The Cybernetic Brains by Raymond F Jones, 1969, Paperback Library, was originally published as a novella in Startling Stories Sept. 1950. The ISFDB database (see Handy Resources) mentions that the cover is attributed to Richard Powers in The Art of Richard Powers, however ISFDB attributes it to Jerome Podwell. It certainly does not scream Powers to me.
I began reading this book after seeing the cover on the unsubscribedblog (see Blogs I follow). I was intrigued by the rather vicious looking frog on the cover and showed it to my wife, who asked if the frog was really an important plot element. I randomly opened to page 48 and read "We'll have the frogs" he said "They can give us sight and sound and companionship. We have each other." and I was hooked.
Jones gives us a future world in which the majority of mankind are considered non-workers supported by a welfare state in which all production is created in automated factories. Initially the factories were computerized, however, "Computers that did man's thinking had become unwieldy cubes a thousand feet on a side, filled with millions of vacuum tubes relaying countless orders." (p 21). Rather than invent the microprocessor, Jones turns to cybernetics and the use of neurons from dead human brains to replace those pesky vacuum tubes. These cybernetic brains have been in use for 75 year, and currently 2 million brains are involved in the production of goods to support the worldwide welfare state. It is at this point that Dr. Albert Demming, the noted cyberneticist, is called upon to integrate a pair of brains in tandem using his new procedures in an attempt to circumvent a problem called adjustment collapse that occurs when new brains are brought online. Demming balks when he realizes the brains in question are those of his sister Martha and her husband John Wilkins, tragically killed in a car accident on their honeymoon. Demming's research has lead him to the conclusion that the brains are not actually dead. And of course they aren't. What follows is a fairly standard SF story concerning the efforts of a small handful of individuals, or parts thereof, to overcome a corrupt state
However Jones does mix it up enough that I was kept guessing as the plot unfolded and the conclusion of the novel was not in my mind trite or predictable. That is not to say that the novel was without problems. It showed some of the typical flaws of SF appearing in pulp magazines in the 1940's and 1950's; hasty writing, logical gaps, poor characterization and almost comedic resolutions to some of the most dramatic encounters.
Demming is murdered and his brain harvested when he threatens to announce that the brains were still fully conscious. The bulk of the novel concerns the efforts of John Wilkins assisted by Martha, Demming and his wife Kit, to tell the world of a conspiracy by the ruling elite.The elite not only know the brains are still conscious, but actually have people murdered for their brains.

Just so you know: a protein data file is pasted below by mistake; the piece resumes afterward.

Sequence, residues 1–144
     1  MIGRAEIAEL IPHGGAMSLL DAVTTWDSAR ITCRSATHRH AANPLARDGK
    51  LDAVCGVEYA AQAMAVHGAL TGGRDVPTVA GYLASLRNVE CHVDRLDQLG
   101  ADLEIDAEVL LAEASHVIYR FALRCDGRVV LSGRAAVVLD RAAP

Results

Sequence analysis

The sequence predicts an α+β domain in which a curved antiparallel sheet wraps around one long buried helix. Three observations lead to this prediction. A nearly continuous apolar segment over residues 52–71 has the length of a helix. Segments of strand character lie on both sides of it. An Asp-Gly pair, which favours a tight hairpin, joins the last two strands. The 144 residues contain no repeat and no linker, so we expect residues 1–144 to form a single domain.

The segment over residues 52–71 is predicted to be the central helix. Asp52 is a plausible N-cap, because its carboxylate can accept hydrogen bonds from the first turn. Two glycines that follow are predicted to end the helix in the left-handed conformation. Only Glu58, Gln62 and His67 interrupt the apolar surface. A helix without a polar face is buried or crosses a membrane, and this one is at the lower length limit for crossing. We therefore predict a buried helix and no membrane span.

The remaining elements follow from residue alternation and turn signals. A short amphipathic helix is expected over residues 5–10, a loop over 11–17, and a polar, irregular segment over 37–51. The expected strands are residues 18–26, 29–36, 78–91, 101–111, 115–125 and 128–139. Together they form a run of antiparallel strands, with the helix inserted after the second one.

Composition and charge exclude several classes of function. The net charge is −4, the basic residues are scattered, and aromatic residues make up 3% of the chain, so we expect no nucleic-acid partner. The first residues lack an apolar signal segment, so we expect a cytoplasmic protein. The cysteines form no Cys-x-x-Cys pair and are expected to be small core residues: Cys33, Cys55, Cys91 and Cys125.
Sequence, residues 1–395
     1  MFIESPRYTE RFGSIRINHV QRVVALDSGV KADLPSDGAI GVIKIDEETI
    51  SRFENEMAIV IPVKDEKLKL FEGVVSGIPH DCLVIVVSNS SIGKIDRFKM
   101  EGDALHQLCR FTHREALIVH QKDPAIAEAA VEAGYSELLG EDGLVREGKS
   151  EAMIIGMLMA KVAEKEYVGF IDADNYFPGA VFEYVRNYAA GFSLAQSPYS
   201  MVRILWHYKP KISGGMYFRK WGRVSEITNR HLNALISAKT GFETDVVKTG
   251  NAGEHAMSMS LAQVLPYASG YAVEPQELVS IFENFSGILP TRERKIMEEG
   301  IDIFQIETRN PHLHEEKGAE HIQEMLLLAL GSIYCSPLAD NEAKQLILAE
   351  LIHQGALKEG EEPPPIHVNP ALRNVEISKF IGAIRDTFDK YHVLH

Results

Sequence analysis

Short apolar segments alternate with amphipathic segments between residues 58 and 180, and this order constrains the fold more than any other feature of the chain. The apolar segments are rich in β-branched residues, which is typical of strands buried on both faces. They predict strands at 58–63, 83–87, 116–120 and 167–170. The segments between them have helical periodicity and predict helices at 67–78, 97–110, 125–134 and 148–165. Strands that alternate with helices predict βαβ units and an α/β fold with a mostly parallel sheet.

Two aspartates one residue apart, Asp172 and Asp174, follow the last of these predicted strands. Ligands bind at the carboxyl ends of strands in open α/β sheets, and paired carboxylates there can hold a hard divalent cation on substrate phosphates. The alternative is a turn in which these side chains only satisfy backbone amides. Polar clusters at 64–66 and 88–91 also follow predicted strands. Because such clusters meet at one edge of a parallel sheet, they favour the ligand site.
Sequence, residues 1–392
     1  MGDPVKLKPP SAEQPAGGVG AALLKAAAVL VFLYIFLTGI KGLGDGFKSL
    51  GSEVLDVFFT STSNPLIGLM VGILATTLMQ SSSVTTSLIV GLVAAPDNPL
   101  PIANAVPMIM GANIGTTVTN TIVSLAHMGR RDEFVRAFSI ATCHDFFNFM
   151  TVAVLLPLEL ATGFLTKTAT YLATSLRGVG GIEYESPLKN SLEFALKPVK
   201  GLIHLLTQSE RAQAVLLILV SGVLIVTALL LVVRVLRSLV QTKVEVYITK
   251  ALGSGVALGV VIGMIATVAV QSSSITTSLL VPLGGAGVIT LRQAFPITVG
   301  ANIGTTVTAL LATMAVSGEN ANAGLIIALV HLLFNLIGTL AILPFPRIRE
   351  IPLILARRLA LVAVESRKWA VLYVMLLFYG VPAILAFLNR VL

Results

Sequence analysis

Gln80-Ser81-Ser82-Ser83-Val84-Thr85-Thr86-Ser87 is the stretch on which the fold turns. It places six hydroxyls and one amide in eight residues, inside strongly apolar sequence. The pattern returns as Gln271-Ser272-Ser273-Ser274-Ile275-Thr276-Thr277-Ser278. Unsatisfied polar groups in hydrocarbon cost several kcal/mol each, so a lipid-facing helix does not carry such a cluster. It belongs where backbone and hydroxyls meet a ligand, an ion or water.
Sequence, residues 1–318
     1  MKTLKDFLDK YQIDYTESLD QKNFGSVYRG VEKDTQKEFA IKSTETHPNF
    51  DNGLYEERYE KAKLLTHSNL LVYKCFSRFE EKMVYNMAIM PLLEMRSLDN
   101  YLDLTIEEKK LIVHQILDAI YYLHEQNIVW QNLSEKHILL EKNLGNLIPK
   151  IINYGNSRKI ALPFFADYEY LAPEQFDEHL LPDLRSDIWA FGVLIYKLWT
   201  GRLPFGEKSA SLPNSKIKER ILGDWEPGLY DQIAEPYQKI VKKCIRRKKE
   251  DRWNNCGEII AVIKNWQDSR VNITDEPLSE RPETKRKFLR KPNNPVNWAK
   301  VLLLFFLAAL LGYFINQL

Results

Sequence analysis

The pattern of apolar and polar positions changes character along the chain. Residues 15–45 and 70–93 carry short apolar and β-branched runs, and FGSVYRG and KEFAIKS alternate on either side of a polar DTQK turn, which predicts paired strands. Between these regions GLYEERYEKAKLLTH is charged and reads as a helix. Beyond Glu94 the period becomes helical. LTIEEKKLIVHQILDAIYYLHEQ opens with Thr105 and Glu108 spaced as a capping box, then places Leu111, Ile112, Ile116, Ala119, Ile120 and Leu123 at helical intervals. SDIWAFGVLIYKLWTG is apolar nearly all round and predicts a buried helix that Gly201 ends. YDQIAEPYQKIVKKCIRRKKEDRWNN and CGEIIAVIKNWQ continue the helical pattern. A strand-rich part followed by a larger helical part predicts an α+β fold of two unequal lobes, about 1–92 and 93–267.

I will mention a couple of problems I feel Jones could have avoided with better plotting/editing. John and Martha are killed when their car is forced off a cliff. Jones may have staged it this way because when John is initially revived he believes his death was accidental only later coming to realize, as the extent of the conspiracy is revealed, that it was murder. However the idea that you would jeopardise the brains you want to harvest this way is problematic. Indeed a character involved in harvesting the brains mentions, unfortunately for him, that it is amazing the bodies they receive are so battered but the brains intact. Another problem I had was with the frogs themselves. Due to Demming new procedure John, Martha, and Deeming all have paranormal powers and the ability to act independently of the factory control programs. John uses this power to create small creatures to act as his eyes and ears. He settles on one eyed frogs with very vicious teeth (remember where I started). When he uses a frog to dispatch the thug who menaces Kit, the scene, for me, is more comedic than suspenseful. But when the frogs are used to attack and destroy the 20 to 30 members of the Society of Artificial Dangers, an armed anarchist group, who have attacked Kit it borders on the absurd. I wish Jones had simply introduced some larger more seemingly lethal tools as the tension and menace in the story ramped up, wombats with unicorn horns perhaps?
Despite this I did enjoy the book, the conspiracy involves enough plot twists to keep me guessing and Jones avoids the typical Deus ex machina ending of so much SF of the period.